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IP address blacklist

Here is my IP address blacklist.
47.88.219.24/24 54.39.22.213/24 77.93.205.2/24 185.220.100.246/24 123.151.76.158/24 45.14.148.97/24 144.217.85.55/24 104.244.76.245/24 185.220.101.45/24 64.113.32.29/24 62.102.148.68/24 18.27.197.252/24 178.17.174.224/24 77.109.191.140/24 23.129.64.194/24 85.248.227.164/24 89.234.174.47/24 185.100.87.206/24 179.43.134.154/24 144.217.255.89/24 167.88.7.134/24 81.17.27.131/24 185.100.85.101/24 185.207.139.2/24 109.70.100.33/24 83.97.20.185/24 185.107.47.171/24 209.141.34.95/24 178.165.72.177/24 171.25.193.25/24 46.165.245.154/24 104.244.72.115/24 104.244.78.231/24 178.175.148.42/24 178.17.171.115/24 141.98.254.225/24 185.130.44.108/24 77.247.181.163/24 128.31.0.13/24 107.189.10.143/24 104.244.73.126/24 193.124.186.222/24 94.140.114.159/24 199.195.251.226/24 95.211.230.211/24 91.221.57.179/24 87.118.110.27/24 199.195.250.77/24 185.38.175.71/24 166.70.207.2/24 62.219.3.48/24 198.98.53.61/24 176.123.5.250/24 185.107.70.202/24 51.158.147.12/24 193.169.255.102/24 51.15.177.65/24 204.8.156.142/24 31.185.104.21/24 141.255.162.38/24 123.226.96.170/24 198.98.56.155/24 209.141.45.212/24 185.129.62.62/24 173.212.217.87/24
For your reference.
Powernumpty

Comments

  • New IP address blacklist
    205.185.127.219/24
  • what is the basis of your blacklisting all those?
  • The basis is as follows.
    Always the same frequency, mode, long access.
    Access many times even if kicked.
    It tries to connect many times even if it is kicked automatically. (After blacklisting)
  • Postscript.
    Change the IP address to access.
  • The contents of the log.

    Sun Jan 19 03:53:35 05:04:57.028 01.. CONN: 127.0.0.1 X-Real-IP 166.70.207.2
    Sun Jan 19 03:53:35 05:04:57.028 01.. CONN: 127.0.0.1 X-Forwarded-For 166.70.207.2
    Sun Jan 19 03:53:35 05:04:57.028 01.. IP BLACKLISTED: 166.70.207.2
    Sun Jan 19 03:53:51 05:05:12.511 01.. CONN: 127.0.0.1 X-Real-IP 166.70.207.2
    Sun Jan 19 03:53:51 05:05:12.511 01.. CONN: 127.0.0.1 X-Forwarded-For 166.70.207.2
    Sun Jan 19 03:53:51 05:05:12.511 01.. IP BLACKLISTED: 166.70.207.2
    Sun Jan 19 03:54:05 05:05:27.040 01.. CONN: 127.0.0.1 X-Real-IP 166.70.207.2
    Sun Jan 19 03:54:05 05:05:27.041 01.. CONN: 127.0.0.1 X-Forwarded-For 166.70.207.2
    Sun Jan 19 03:54:05 05:05:27.041 01.. IP BLACKLISTED: 166.70.207.2
    Sun Jan 19 03:54:20 05:05:41.417 01.. CONN: 127.0.0.1 X-Real-IP 166.70.207.2
    Sun Jan 19 03:54:20 05:05:41.418 01.. CONN: 127.0.0.1 X-Forwarded-For 166.70.207.2
    Sun Jan 19 03:54:20 05:05:41.418 01.. IP BLACKLISTED: 166.70.207.2
    Sun Jan 19 03:54:34 05:05:56.269 01.. CONN: 127.0.0.1 X-Real-IP 166.70.207.2
    Sun Jan 19 03:54:34 05:05:56.269 01.. CONN: 127.0.0.1 X-Forwarded-For 166.70.207.2
    Sun Jan 19 03:54:34 05:05:56.269 01.. IP BLACKLISTED: 166.70.207.2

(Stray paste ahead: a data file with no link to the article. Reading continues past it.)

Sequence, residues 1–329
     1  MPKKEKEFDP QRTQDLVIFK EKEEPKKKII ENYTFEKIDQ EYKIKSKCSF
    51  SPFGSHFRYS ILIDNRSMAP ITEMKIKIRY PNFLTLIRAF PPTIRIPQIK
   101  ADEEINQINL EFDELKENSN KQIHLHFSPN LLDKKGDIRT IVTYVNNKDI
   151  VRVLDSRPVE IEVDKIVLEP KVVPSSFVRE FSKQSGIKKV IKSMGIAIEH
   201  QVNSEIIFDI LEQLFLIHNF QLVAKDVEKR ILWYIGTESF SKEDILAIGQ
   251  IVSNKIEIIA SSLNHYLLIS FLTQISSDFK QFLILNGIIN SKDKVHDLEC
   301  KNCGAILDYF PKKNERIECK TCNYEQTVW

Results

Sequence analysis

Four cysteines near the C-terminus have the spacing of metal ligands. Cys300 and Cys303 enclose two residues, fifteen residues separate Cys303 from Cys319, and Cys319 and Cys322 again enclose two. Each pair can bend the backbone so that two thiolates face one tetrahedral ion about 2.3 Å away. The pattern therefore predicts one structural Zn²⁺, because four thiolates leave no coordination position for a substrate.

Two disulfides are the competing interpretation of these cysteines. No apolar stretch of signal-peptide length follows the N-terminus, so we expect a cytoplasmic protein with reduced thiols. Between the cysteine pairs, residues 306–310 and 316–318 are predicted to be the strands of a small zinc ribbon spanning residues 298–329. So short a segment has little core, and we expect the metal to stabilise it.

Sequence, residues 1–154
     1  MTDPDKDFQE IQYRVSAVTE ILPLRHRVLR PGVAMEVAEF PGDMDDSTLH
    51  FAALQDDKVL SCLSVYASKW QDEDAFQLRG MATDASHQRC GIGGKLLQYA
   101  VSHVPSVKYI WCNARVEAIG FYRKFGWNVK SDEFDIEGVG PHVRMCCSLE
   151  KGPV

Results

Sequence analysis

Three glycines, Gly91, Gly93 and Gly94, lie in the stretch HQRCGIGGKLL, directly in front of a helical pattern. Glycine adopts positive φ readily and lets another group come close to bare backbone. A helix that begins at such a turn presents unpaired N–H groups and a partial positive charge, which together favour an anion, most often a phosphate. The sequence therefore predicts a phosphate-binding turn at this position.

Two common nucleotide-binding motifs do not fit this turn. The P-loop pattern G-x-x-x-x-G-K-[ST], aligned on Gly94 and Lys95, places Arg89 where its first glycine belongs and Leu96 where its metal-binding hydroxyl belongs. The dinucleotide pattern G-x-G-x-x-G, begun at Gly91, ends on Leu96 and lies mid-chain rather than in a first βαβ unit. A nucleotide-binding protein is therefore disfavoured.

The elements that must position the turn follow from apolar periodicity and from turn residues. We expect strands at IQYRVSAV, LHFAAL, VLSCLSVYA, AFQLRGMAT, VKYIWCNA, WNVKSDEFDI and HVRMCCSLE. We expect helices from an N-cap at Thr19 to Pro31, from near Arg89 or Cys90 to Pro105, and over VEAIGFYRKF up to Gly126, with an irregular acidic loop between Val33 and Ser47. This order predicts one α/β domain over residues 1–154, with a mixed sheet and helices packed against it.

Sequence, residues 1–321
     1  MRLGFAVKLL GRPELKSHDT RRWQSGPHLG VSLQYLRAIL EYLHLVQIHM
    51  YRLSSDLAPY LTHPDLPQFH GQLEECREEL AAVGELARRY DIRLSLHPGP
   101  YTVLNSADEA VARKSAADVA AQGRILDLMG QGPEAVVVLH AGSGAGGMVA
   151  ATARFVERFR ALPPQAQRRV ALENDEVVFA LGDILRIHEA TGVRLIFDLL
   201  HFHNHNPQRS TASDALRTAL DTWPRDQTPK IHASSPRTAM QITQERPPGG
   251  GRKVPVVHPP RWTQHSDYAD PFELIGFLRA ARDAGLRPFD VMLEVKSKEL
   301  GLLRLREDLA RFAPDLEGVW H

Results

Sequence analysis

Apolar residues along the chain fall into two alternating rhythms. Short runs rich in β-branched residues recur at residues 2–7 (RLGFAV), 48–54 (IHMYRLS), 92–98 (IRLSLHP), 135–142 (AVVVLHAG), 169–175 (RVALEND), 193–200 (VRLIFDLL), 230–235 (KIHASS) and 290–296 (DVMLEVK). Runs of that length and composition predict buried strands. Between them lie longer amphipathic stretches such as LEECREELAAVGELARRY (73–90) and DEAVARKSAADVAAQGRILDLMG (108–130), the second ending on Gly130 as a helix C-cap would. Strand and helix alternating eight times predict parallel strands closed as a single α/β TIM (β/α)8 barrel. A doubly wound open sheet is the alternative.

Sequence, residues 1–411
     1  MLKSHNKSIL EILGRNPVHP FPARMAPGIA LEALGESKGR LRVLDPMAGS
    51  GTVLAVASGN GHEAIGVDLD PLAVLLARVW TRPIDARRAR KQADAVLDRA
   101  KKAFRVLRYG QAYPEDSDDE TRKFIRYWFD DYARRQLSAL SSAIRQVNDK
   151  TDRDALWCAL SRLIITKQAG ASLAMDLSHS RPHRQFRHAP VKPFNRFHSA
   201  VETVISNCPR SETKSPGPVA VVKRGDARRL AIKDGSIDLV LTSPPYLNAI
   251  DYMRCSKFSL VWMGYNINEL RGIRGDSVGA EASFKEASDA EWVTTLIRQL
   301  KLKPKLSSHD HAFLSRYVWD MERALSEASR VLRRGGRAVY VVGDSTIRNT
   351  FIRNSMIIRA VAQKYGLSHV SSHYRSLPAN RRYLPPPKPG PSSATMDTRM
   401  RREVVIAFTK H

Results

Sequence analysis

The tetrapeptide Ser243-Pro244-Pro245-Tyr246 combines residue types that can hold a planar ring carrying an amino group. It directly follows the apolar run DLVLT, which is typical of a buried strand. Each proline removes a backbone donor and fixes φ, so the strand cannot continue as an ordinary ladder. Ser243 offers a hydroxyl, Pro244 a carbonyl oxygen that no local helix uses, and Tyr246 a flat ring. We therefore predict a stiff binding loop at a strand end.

Sun Jan 19 03:54:46 05:06:08.048 01.. CONN: 127.0.0.1 X-Real-IP 166.70.207.2
    Sun Jan 19 03:54:46 05:06:08.048 01.. CONN: 127.0.0.1 X-Forwarded-For 166.70.207.2
    Sun Jan 19 03:54:46 05:06:08.048 01.. IP BLACKLISTED: 166.70.207.2
    Sun Jan 19 03:54:54 05:06:16.212 01.. AJAX: 127.0.0.1 X-Real-IP 167.99.214.222
    Sun Jan 19 03:54:54 05:06:16.213 01.. AJAX: 127.0.0.1 X-Forwarded-For 167.99.214.222
    Sun Jan 19 03:55:00 05:06:22.135 01.. CONN: 127.0.0.1 X-Real-IP 166.70.207.2
    Sun Jan 19 03:55:00 05:06:22.135 01.. CONN: 127.0.0.1 X-Forwarded-For 166.70.207.2
    Sun Jan 19 03:55:00 05:06:22.135 01.. IP BLACKLISTED: 166.70.207.2
    Sun Jan 19 03:55:14 05:06:36.290 01.. CONN: 127.0.0.1 X-Real-IP 166.70.207.2
    Sun Jan 19 03:55:14 05:06:36.290 01.. CONN: 127.0.0.1 X-Forwarded-For 166.70.207.2
    Sun Jan 19 03:55:14 05:06:36.290 01.. IP BLACKLISTED: 166.70.207.2
  • what freq did sit on?
  • Frequency is 27005kHz
  • you might consider blacklisting that freq.
  • HI All, is it really possible to "blacklist" a frequency ? Have given a fast search into the KIWI_faq but didnt find it.
    73
    Phil
  • edited January 2020
    as an admin, use the same method you use to label for a frequency, there is a blacklist option in the pulldown
  • The option is called "masked". Sorry about the documentation lagging..
  • which PULLDOWN pse
    Phil
  • jksjks
    edited January 2020
    Not on any pulldown from the control panel. You have to use the label editing feature since you are defining the mask for a particular frequency and mode (passband). http://kiwisdr.com/quickstart/index.html#id-user-marker

    On the DX label edit panel it's the last entry ("masked") on the "type" pulldown. You will see the blackout in the waterfall immediately.
    W9SPY
  • From observation of many other kiwi, I am seeing that many don't get DX Label work so sysops aren't familiar I guess
  • GM, interesting feature the MASKing of a QRG via DXLabel.
    I suppose that this masking works on the viewed part of the spectrum hence at the end of the demodulation process.
    Another more usefull feature would be a MASK during the RF_Spectrum scan , in this way also the
    interfering transmissions could be left out of the successive "demodulation" process,